Evelyn Merino’s beautiful work, “Lima más Arriba”, a collection of photographs taken from the skies above Lima over the course of 6 years.
When you think “Día de los Muertos” you often think Mexico, but it is an event also celebrated in Peru with some differences.
After 38 years selling Peru’s most popular street food on the streets of Miraflores, Grimanesa Vargas has finally given in to bricks and mortar.
Uber-talented Peruvian guitarist Charlie Parra invites you to celebrate this 28 de Julio listening to the Peruvian national anthem to the sound of heavy metal…
If you’re going to Ollantaytambo during the Carnival in late January and early February beware of youngsters.
Just an hour outside Cusco is Cuyuni. A rural community, it has implemented a novel ‘living’ tourist circuit: a walk of four hours through traditional Andean scenery interrupted by actors playing themselves, offering visitors a resumed and interactive look at their customs and their daily lives. The trip ends with a novoandino buffet with a view of the mighty Ausangate.
For The Karikuy blog, Francis Sin describes his unforgettable experience at the annual Virgen del Carmen festival in Paucartambo.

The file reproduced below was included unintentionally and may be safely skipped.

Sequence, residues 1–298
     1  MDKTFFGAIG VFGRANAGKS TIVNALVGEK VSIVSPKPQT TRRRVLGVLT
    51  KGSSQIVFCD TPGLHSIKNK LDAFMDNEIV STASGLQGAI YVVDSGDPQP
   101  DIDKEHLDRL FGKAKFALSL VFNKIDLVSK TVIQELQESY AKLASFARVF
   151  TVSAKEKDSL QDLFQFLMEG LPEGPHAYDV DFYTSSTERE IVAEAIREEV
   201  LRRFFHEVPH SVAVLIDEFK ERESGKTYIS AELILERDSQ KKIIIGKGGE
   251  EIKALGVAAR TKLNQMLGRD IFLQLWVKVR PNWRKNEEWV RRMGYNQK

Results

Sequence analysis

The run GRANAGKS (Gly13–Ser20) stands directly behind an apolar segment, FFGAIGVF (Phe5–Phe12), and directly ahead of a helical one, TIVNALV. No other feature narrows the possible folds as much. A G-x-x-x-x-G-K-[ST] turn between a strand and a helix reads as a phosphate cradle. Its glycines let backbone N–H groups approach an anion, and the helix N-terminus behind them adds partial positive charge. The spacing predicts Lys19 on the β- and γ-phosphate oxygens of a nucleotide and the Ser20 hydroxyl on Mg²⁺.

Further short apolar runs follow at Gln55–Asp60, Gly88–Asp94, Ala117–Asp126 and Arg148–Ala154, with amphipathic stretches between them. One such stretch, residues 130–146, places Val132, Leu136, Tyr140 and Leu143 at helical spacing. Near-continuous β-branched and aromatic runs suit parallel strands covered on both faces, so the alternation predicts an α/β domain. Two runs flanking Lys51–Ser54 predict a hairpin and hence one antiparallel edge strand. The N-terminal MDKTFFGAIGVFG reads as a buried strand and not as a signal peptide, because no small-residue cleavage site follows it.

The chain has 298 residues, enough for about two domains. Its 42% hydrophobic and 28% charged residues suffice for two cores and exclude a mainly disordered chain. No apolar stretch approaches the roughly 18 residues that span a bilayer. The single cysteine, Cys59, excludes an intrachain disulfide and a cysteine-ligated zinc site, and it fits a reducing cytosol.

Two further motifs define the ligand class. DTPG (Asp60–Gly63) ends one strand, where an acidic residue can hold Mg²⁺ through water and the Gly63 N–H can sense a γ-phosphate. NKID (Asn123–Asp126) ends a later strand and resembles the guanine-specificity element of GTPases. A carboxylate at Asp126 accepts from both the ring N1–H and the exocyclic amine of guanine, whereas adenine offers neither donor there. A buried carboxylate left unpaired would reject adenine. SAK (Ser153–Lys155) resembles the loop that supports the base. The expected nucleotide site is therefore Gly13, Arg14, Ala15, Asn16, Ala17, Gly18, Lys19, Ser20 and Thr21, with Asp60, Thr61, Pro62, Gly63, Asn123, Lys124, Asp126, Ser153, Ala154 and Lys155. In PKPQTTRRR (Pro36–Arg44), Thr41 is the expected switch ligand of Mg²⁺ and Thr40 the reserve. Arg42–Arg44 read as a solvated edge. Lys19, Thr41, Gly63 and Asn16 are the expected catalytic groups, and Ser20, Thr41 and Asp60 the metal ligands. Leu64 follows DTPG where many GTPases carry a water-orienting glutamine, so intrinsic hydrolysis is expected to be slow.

For The Karikuy blog, Eleanor writes about her first ever soccer match after being treated to the full-on South American soccer experience.
Perhaps the most acclaimed writer in the Spanish-speaking world, Mario Vargas Llosa has been awarded the Nobel Prize for Literature by the Swedish Academy for his “cartography of structures of power” and “trenchant images of the individual’s resistance, revolt and defeat.”
Ali Ryder presents the fifth in series of articles, Peru at the Movies. The Royal Hunt of the Sun, from 1969, portrays a somewhat stereotypical Spanish conquest of the Incas, the capture of Inca Atahualpa and his infamous ransom – but with a twist, Pizarro has a human side and befriends Atahualpa.
Tom Filipowicz in Chiclayo explains what happens in the run up the Peru’s independence day celebrations on the 28th of July.
With tickets sold to tourists priced at $80 each, indigenous Cusqueños are effectively barred from the modern-day recreations of their ancestors’ most important religious event, Inti Raymi. Is there anything left in this “ritual” that reflects the Inca empire’s glorious past, or is it all a show put on to make money from tourists? Camden Luxford explains.